At RUSSH, we've always been inquisitive about modalities that aid in delving into the psyche, and ultimately forging a path of grown and inner learning. The rise and rise of alternative therapies in society are clearly not slowing down, and although tarot cards have been around for centuries, the general public are beginning to catch on, and it's time to ask the question of how to read tarot cards.
Having adopted a rather mystical air about them in our current culture, tarot cards were originally intended as a game. The earliest recorded tarot decks originated in various parts of Italy, having first been recorded in the mid- 15th century. Their identity as a mystical way to relay information and inquisition emerged in the 18th century, with Antoine Court and Jean-Baptiste Alliette being credited with bringing tarot into the cultural zeitgeist as the practice of using a deck to help understand the past, present or future by asking questions of the cards and interpreting their meaning in Paris in the 1780s.
“People can get really addicted to it,” Sarah Barry told RUSSH in our Born Again issue, “Essentially tarot reading, or the way that I like to work, it’s just a catalyst for transformation – it’s a place where information can be shared. But there is this point where people need to kind of walk it themselves and trust their intuition and not be in a weird power with the reader. Because the last thing that I want to be is put on a pedestal for anyone…I want to be like a good check-in point, somewhere they can collect their thoughts, they can get inspired or can get clear about things.” she said.
It all begs the question, why use tarot? “I guess it’s just a place for people to really connect with someone in a really unique way. I know people that do … come for readings [and are] also really great at taking care of their inner growth needs. So they will be seeing a psychologist or psychiatrist at the same time, but it’s a different kind of reflection … What I get to do is just kind of be a bit more loose and creative and kind of shine a light on what I’m feeling for them up ahead.” Barry told us.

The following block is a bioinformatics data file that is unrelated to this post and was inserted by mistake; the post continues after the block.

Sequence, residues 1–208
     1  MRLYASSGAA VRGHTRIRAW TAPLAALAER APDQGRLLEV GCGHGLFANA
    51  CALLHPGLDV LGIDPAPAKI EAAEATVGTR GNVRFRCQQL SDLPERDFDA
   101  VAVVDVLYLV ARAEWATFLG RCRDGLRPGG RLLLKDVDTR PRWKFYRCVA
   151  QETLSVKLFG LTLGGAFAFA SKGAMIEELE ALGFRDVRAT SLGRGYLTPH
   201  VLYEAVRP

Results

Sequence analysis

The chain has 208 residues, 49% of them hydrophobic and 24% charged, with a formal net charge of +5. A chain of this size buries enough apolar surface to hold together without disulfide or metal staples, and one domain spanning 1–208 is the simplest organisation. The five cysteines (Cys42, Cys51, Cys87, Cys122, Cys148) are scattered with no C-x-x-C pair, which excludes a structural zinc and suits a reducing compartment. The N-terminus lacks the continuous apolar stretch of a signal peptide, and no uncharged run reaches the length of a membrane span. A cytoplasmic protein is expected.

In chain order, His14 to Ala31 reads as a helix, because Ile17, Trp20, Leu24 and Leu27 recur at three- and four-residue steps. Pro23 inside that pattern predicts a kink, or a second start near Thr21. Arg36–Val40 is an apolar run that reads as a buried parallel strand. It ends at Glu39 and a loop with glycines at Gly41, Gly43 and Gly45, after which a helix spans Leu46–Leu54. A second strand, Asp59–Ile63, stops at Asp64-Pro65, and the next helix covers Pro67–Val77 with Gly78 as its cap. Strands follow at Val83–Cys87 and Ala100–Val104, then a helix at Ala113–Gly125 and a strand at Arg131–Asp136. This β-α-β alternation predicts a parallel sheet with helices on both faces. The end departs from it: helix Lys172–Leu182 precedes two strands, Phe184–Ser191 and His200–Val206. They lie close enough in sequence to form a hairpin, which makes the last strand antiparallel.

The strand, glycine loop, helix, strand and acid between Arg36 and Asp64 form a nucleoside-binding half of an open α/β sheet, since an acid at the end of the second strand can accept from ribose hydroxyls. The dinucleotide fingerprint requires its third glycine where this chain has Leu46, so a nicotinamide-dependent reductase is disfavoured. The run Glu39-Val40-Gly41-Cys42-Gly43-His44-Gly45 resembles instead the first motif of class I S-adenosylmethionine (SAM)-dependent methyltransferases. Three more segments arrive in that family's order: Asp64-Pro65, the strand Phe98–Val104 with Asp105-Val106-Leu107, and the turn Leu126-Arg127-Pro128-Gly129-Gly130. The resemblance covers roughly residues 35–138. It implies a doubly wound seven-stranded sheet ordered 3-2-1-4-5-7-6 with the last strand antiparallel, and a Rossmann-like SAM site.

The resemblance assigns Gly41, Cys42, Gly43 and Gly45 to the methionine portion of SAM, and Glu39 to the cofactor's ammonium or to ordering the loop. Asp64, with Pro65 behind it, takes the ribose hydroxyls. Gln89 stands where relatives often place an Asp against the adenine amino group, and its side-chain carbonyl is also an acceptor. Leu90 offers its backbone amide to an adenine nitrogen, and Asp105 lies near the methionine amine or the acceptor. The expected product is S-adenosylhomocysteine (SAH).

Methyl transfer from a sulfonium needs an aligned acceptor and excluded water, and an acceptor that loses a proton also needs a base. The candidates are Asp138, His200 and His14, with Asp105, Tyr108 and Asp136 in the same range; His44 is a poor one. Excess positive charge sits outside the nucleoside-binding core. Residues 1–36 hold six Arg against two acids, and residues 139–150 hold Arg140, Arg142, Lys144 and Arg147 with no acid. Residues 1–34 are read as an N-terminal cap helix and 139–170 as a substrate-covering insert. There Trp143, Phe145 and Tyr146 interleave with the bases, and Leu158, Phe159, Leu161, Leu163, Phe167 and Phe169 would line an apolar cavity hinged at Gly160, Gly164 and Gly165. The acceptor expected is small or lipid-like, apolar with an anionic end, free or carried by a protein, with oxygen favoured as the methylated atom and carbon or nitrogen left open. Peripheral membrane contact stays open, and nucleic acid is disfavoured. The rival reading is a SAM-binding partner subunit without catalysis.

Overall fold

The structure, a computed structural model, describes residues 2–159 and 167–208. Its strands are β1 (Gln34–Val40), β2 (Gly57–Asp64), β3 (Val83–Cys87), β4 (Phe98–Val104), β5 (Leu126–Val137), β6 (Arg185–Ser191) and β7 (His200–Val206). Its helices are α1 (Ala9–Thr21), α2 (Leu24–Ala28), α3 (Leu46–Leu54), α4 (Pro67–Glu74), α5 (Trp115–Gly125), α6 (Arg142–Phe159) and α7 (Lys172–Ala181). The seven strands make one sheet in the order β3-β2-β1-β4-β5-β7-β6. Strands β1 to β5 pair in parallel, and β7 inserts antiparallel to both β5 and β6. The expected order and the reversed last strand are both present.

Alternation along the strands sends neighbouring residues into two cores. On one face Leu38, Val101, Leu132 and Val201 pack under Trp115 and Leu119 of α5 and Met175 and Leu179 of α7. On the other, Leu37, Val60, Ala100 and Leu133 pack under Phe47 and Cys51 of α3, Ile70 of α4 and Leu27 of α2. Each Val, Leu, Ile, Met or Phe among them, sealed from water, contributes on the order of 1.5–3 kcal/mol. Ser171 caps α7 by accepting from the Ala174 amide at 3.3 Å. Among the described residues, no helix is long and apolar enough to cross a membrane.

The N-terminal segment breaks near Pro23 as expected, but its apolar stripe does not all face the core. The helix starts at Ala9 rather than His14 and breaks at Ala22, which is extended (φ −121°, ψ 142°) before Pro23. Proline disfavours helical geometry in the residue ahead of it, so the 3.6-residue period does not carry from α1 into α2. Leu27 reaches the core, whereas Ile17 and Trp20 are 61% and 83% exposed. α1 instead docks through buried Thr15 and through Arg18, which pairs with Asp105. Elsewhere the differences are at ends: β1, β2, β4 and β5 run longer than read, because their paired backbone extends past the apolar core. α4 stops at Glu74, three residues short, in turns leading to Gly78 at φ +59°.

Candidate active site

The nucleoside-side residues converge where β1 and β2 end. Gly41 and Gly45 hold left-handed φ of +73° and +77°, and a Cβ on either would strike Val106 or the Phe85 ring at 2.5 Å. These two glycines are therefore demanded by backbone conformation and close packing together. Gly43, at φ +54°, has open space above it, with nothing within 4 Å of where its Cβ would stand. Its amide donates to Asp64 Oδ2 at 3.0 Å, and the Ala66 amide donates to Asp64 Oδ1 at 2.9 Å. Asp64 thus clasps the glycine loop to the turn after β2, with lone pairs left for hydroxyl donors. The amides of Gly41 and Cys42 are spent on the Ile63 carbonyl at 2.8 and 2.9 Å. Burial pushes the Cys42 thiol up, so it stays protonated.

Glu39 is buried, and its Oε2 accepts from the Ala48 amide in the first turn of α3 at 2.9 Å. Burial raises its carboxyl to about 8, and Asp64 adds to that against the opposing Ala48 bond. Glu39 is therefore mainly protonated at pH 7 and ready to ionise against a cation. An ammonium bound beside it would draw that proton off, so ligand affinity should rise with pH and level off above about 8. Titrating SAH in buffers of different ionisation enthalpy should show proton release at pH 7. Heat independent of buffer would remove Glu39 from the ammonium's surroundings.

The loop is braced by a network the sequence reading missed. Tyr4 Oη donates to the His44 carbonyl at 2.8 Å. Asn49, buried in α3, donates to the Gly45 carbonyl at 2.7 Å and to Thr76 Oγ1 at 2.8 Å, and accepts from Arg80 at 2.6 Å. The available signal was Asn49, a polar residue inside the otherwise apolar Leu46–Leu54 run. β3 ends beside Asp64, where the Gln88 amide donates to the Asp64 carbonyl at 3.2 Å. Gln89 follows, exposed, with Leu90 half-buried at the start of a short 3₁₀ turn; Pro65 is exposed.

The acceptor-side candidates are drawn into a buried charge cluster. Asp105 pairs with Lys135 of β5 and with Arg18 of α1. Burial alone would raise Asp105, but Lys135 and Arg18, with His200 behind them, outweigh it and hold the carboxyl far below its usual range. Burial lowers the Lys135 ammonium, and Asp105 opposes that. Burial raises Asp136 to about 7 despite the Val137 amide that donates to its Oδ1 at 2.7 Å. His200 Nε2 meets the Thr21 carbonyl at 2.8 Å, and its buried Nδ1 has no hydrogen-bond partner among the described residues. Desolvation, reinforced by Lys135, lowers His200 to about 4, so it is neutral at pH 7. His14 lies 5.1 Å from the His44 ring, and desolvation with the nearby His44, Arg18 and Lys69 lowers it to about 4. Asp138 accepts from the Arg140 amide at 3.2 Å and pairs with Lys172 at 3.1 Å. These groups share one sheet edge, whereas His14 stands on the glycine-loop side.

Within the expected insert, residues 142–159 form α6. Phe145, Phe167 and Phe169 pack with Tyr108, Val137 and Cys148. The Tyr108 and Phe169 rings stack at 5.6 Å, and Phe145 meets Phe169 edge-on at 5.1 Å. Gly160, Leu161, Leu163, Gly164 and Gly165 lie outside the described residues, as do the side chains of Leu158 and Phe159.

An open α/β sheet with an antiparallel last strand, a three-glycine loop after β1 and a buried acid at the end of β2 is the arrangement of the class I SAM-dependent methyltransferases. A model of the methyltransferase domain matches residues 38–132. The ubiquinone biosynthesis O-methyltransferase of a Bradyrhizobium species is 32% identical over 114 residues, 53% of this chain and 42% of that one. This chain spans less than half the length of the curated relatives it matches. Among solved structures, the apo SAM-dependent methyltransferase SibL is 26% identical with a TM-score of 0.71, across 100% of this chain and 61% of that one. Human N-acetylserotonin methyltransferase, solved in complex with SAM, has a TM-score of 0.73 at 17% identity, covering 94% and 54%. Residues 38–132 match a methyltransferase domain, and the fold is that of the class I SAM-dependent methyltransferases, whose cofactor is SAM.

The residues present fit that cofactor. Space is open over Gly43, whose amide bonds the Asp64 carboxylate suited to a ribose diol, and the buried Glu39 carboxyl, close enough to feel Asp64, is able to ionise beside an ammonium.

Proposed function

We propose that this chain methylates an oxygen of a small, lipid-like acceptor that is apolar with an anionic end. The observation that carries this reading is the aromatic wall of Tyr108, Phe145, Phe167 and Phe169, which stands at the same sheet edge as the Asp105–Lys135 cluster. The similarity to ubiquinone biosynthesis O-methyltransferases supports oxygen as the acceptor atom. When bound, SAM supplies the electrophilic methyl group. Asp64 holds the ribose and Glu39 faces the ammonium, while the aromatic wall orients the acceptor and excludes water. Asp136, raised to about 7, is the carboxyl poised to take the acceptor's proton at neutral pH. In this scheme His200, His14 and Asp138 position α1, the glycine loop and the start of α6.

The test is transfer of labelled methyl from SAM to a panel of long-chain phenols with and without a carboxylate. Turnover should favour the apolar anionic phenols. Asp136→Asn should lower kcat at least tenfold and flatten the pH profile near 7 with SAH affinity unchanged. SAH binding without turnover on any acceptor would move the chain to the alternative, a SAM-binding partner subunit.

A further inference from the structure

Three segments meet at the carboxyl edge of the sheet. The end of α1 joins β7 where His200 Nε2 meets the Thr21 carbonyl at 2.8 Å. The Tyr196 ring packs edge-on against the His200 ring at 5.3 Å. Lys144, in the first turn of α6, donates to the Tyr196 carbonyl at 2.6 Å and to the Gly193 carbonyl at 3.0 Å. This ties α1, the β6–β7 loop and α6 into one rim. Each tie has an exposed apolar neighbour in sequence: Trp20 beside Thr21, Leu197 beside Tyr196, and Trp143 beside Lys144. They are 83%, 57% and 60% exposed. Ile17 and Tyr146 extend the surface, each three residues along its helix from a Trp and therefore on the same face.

Below, a beginners guide on how to read tarot cards.
What you'll need and choosing the right deck for you
Choosing the right deck is completely person-dependant. There is no rule of thumb if it's what feels best for you stylistically and intuitively. One of the most classic decks that many are familiar with, is the Rider-Waite, a deck drawn by Pamela Colman Smith and first created in 1910. This deck is often recommended for beginners as the meanings are heavily open to interpretation. There are all different decks to choose from with many different kinds of imagery. Some are as niche as movie-themed decks, and some stick to the traditional route. With modern decks that are available to purchase now, most decks come with small sheets of paper or pamphlets that unpack each cards interpretations.
What each tarot card means